October 17 was Boss’s Day in the United States. The day has been celebrated since 1958 when secretary Patricia Haroski registered National Boss’s Day with the US Chamber of Commerce. Haroski, who worked for an insurance company in Illinois, decided a special day was needed for employees to show their appreciation for the “hard work and dedication of their supervisors” and to “improve intra-office relationships between managers and their employees”.
The day is now celebrated as far afield as the US, Canada, South Africa, India and, apparently, Australia. However, the day is not universally popular. US management blogger Alison Green writes: “It’s time for us to retire Boss’s Day. Sorry, bosses. But as a manager myself, I know all too well that the day is, well, a crock.”
But HR consulting firm Development Dimensions International has taken a more positive view of Boss’s Day. Instead of presenting the boss with gifts that come with a bow, DDI this year suggested five gifts that will “make them a better leader”. DDI conducted a survey of managers that found “some surprising ways employees can make the leaders they appreciate more successful, engaged and likely to stay”. The gifts come in the shape of “skills, feedback and enriched conversations that will keep on giving”. It’s too late for Boss’s Day, but DDI’s “gift” ideas have a long shelf-life.
So, according to DDI, here’s what your boss really wants for Boss’s Day, or in fact, any day of the year.
More feedback: Only 17% of managers feel their employees take an active interest in the contribution they make to the organisation; 83% wish they had more feedback from staff about what would make their job more interesting and fulfilling
Have a plan: Your manager holds your career development in their hands, but they need to know what your career aspirations are so they can work with you on a plan to make it happen; 89% of managers say they are always on the lookout for opportunities to develop their employees.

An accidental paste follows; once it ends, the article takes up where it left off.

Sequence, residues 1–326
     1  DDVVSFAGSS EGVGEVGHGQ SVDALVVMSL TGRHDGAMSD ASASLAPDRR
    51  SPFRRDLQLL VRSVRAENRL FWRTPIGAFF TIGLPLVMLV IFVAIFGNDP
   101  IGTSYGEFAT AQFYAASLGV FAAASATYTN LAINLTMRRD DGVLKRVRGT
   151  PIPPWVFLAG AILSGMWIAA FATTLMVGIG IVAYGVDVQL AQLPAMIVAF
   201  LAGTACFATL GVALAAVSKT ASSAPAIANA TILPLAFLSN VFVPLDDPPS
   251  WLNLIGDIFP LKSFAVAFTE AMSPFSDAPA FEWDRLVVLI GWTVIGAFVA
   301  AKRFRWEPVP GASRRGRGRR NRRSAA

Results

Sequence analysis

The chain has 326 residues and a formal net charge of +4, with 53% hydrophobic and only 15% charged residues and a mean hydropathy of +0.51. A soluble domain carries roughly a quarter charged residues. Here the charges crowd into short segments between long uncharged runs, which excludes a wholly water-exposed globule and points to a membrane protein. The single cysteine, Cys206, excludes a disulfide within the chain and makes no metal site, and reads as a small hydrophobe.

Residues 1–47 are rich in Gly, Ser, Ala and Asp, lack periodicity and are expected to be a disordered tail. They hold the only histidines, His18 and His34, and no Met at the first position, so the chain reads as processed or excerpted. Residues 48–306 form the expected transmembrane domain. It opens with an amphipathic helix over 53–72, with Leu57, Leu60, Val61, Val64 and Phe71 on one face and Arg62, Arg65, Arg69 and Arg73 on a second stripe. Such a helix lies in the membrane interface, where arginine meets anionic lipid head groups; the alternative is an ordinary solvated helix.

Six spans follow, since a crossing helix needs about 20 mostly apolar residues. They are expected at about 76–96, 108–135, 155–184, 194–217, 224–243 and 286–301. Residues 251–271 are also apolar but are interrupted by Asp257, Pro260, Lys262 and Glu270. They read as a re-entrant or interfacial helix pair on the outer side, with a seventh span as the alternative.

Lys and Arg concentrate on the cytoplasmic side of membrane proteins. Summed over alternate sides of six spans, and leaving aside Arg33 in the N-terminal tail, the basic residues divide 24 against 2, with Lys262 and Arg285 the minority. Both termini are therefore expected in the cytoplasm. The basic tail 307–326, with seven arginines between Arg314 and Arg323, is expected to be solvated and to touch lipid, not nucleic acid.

Quality time: Managers want to spend more time directly with their employees on such activities as coaching, “collaboratively innovating” and celebrating successes.
When giving is receiving: The best managers have a wealth of experience and skills that employees can tap into. Many of these can be observed daily, but good managers who have an interest in developing their staff will often be open to sharing those skills on a deeper, more personal level. DDI says 43% of managers want more opportunities to practice interaction skills. Approaching your boss for mentoring or coaching will probably make his or her day and contribute to your own career development.
Please don’t go: If you’ve got a boss you want to hang on to, chances are you hold some of the levers that will induce him or her to stay. A team that is motivated, driven, communicative, creative and open to new ideas can provide a stimulating environment that will keep a manager interested, and your job interesting
Leo D’Angelo Fisher
Leo is a business journalist, author and commentator, and was former associate editor with BRW.